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VogueDisciple93's Avatar
Join Date: Jun 2011
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Jeremy Scott appointed Creative Director of Moschino
Jeremy Scott: The New Man At Moschino
October 28, 2013

Moschino, which celebrated its thirtieth anniversary in Milan last month, has hired Jeremy Scott to be its new creative director. The 39-year-old L.A.-based designer replaces Rossella Jardini, who has headed up the label since 1994, when the house founder, Franco Moschino, died. Scott will make his runway debut at Moschino’s Fall 2014 show in February next year. In an e-mail, Aeffe chairman Massimo Ferretti said, “I am enthusiastic about this significant change, as our goal is to inject new energy into our Group in keeping with the changes already in place with other Aeffe brands such as Philosophy, Emanuel Ungaro, Pollini, and Cédric Charlier.” Scott will continue to design his own label, which he launched in 1997. With a rebellious streak at least a mile wide—at one of his early shows, he tossed coins printed with his face at the audience—Scott is a savvy match for Moschino, a label known for its irony and irreverence. “It’s the closing of one chapter and the beginning of a new one,” he said via phone this morning. Here, the Missouri farm boy who Karl Lagerfeld once took under wing discusses his plans for Moschino as he ushers it into its fourth decade.

—Nicole Phelps

There are so many synergies between you and the Moschino brand. How did you feel when you were approached?
I was really excited. For me, one of the key elements of Moschino is humor. It’s one of the few houses that has humor, and it’s the same thing for me. Another one of the bonding elements is their written messages that express thoughts and twist ideas. We share an obsession with poking fun at fashion. Whimsy, also.

Were you a Moschino fan before this offer came through?
I was. The ironic thing is, during my last year of college, when I was at Pratt, I interned for the Moschino press office, for Michelle Stein here in New York. Yeah, it’s kind of a fairy-tale story. I was the intern, and now I’m running the company.

You once said you turned down job offers from Pucci, Versace, Paco Rabanne, and Chloé. Why did you say yes to this one?
It’s two things. At the beginning of my career, I felt it was really important to establish my own name. I feel like my own brand, my own DNA, is created and solid now, and I’ve built a global fan base. I don’t have that fear I used to have of the possibility of me getting lost in someone else’s house. On the one hand, I’m different now; the other has to do with the brand. It’s hand in glove. When I heard it, it was like, “Oh my God, yeah, of course.” This is so natural for me; I can take this so many different ways.

When did Moschino come to you?
I was contacted in July. It was very effortless, actually. I feel like they were pretty fixated on the idea and certain about me being the right person. I’ll continue to do my own line, as well as my Adidas collaboration. I’ve been working very vigorously to be ahead of my normal procrastinated self in anticipation of having a larger workload.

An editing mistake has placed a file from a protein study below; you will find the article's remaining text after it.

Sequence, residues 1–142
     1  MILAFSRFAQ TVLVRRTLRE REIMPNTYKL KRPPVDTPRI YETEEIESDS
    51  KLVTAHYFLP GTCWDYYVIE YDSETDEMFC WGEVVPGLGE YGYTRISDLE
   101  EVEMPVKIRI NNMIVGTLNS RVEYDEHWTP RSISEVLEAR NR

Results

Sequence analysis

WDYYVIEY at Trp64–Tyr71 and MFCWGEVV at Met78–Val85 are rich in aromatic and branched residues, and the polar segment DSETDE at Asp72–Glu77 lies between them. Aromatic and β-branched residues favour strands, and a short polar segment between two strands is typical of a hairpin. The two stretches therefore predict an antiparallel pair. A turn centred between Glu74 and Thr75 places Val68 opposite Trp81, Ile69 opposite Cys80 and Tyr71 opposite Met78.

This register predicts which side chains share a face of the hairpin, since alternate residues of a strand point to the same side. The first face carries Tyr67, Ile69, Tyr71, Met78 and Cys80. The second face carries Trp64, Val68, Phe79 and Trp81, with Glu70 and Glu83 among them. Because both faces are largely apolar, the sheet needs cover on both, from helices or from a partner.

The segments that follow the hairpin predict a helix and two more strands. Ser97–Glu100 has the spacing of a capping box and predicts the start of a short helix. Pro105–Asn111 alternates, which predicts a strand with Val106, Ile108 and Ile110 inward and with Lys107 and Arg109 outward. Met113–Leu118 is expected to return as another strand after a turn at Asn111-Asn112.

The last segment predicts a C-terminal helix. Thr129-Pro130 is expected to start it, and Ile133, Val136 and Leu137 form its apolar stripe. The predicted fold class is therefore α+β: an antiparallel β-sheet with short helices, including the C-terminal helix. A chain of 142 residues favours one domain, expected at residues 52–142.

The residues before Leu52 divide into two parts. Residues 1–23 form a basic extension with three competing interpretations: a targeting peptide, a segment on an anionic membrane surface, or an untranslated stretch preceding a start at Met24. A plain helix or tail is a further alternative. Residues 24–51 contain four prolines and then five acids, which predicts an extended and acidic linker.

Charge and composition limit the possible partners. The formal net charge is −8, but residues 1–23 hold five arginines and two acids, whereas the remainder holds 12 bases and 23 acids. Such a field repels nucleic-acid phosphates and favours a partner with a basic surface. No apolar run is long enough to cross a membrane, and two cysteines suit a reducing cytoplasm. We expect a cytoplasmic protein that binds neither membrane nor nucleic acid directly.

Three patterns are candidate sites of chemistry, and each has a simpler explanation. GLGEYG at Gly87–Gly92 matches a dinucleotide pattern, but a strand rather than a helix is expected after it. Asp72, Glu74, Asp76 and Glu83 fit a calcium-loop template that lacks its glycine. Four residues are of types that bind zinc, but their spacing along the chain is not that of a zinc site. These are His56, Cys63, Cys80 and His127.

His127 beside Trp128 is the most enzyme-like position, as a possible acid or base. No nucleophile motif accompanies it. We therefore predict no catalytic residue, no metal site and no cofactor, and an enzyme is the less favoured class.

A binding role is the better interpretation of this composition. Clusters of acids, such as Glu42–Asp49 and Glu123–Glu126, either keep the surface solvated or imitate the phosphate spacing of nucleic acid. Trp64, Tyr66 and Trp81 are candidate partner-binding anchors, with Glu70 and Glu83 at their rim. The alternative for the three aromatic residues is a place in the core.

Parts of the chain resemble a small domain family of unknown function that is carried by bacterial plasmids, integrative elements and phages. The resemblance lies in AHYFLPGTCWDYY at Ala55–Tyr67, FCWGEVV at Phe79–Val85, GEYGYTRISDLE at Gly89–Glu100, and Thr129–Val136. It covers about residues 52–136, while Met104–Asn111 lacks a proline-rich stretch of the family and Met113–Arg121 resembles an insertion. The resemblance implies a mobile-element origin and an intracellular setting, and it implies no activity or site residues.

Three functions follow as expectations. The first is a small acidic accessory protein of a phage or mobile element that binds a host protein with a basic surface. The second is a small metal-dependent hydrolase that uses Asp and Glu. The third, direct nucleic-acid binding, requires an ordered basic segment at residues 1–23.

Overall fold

Have you been spending time in Italy?
Not yet. Other than meeting them in July, I’ve gone to Milan maybe two or three times. I’m not very familiar with the city, so that in itself will be an adventure for me. I literally don’t even know where to get toothpaste.
I’m going to be there the entire month of November—to understand how they work and to meet my design team, which is already in place. But I’m a very modern boy. I work a lot through the Internet. That’s one of the reasons I moved from Paris to Los Angeles in the first place, actually. Nothing was being made in Paris except the things in my own studio. I could be anywhere. Now that’s even more the case with iPhones and gadgets. But at the same time, I want to see the archives, to learn the house, and to be physically there, as well. We’ll see. Whatever it’s going to take for it to feel right, that’s all I’m concerned about. I want to do a good job.

How does it feel to be headed back to Europe?
I started my career in Paris, so it feels like home. I’m excited about learning more about Milan, Milan life, and Italian style. I’ve only been to Rome once, when Karl [Lagerfeld] brought me. The proximity of everything—I mean, Italy is the size of California, I can spend the weekends sightseeing. I’ve never been to Venice…I’ve always wanted to go, and now I have the perfect opportunity.

On the other hand, California, where you currently work, seems to be having a moment. Does it feel like there’s something going on there?
I am the pioneer, I got here first. I even remember Tom [Ford] saying to me, “I can’t believe you’re moving there, I wish I could do it.” I love it here. I feel inspired, it’s a wonderful way of creating for me—it just feels really good. I don’t really think about how [it's having a moment], but I realize it through other people’s eyes. All the stories about [the new boutique] Just One Eye, all the attention they’re getting. Other people are focusing here. The only thing I can think of that’s different now than when I first moved here is that there’s a younger generation that’s come up, that has become part of the look of the city. There’s been so much more enthusiasm about fashion and style from this new generation of kids.